KNOXVILLE, Tenn. (AP) Dave Hart heads into his final days as Tennessee's athletic director confident that the program is in better shape now than when he arrived in the fall of 2011.
''We really have come a long way,'' Hart said Wednesday in an interview with The Associated Press. ''You almost have to have been in the building, almost have to have been a part of all that to fully understand what those challenges were, and where we are now. As I've cleaned out my office over the weekend and (have been) going through files, it brings all that back. It's gratifying, honestly.''
Hart, who turned 68 on Tuesday, announced in August that he was stepping down . Tennessee announced March 2 that John Currie would be replacing him . Currie, the former Kansas State athletic director, officially replaces Hart on Saturday .
Results on the field don't necessarily indicate Tennessee has shown much improvement under Hart's leadership. Tennessee ranked 22nd in the Directors' Cup all-sports standings in 2010-11 but hasn't finished in the top 30 since.
''That will all fall into place,'' Hart said. ''We've made progress. We've got some really good coaches in our program. All of that will happen in time.''
But there are other areas in which Tennessee has made major strides.
Hart helped upgrade Tennessee's facilities while dramatically improving the financial situation of an athletic department that had posted a $3.98 million budget deficit in the 2011-12 financial year. Tennessee also significantly elevated its Academic Progress Rate performance and the grade point average of its student-athletes during Hart's tenure.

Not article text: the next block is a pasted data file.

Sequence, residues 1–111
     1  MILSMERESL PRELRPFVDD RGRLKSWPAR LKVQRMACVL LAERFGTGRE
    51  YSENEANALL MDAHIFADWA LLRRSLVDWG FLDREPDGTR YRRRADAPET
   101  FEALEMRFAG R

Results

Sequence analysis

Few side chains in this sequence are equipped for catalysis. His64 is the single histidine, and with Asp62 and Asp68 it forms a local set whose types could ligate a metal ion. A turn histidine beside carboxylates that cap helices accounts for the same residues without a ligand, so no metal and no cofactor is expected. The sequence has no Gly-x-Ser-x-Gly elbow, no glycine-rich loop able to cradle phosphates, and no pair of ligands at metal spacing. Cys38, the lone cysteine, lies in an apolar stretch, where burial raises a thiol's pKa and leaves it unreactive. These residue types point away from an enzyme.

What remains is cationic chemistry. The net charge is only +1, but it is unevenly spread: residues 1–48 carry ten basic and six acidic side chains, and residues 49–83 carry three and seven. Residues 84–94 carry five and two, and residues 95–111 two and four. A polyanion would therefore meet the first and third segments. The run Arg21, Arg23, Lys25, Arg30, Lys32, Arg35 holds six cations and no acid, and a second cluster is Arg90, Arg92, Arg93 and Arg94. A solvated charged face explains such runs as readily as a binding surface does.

One of his biggest objectives upon his arrival was boosting the health of the football program. After posting four straight losing seasons from 2010-13, Tennessee has won bowl games each of the last three years, though it still hasn't won a division title since 2007. Tennessee's average home attendance of 100,968 last season was its highest since 2008.
''We've done a lot of the things we set out to do,'' Hart said.
His tenure also featured several challenges, ranging from the elimination of the Lady Volunteers nickname and logo for all women's sports other than basketball to the $2.48 million settlement of a Title IX lawsuit filed against the school regarding its handling of assault complaints against athletes.
Hart announced in August that he was stepping down effective June 30. But his contract terms allowed Tennessee to hire a new AD before June 30 and accelerate Hart's retirement as long as he receives 15 days written notice. Hart made his announcement after Tennessee opted against giving him an extension and raise.
Once Tennessee's basketball season ended, Hart says he started thinking more about how close he was to his final day on the job. He says that about 60 student-athletes visited his home Monday and played him a video, gave him a cake and sang ''Happy Birthday'' to him.
Hart also has been spending some time with his successor. Hart didn't play any role in choosing the next athletic director and says he doesn't know Currie particularly well beyond occasional chats at various meetings of athletic directors across the country. But he added that they've had ''multiple conversations'' in the four weeks since Currie was hired.
''He's been very gracious each and every time,'' Hart said. ''He knows that I am here to help him in any way possible, in any way he deems that he needs assistance.''
Hart would like to stay involved in college athletics in some capacity. After spending the next few months visiting friends and relatives, Hart said he won't get around to planning his next step until at least midway through the summer.
''I don't know what opportunities might be out there,'' Hart said. ''Certainly if something comes to my attention that excites me, then and only then will I begin to have those conversations.''
Follow Steve Megargee at www.twitter.com/stevemegargee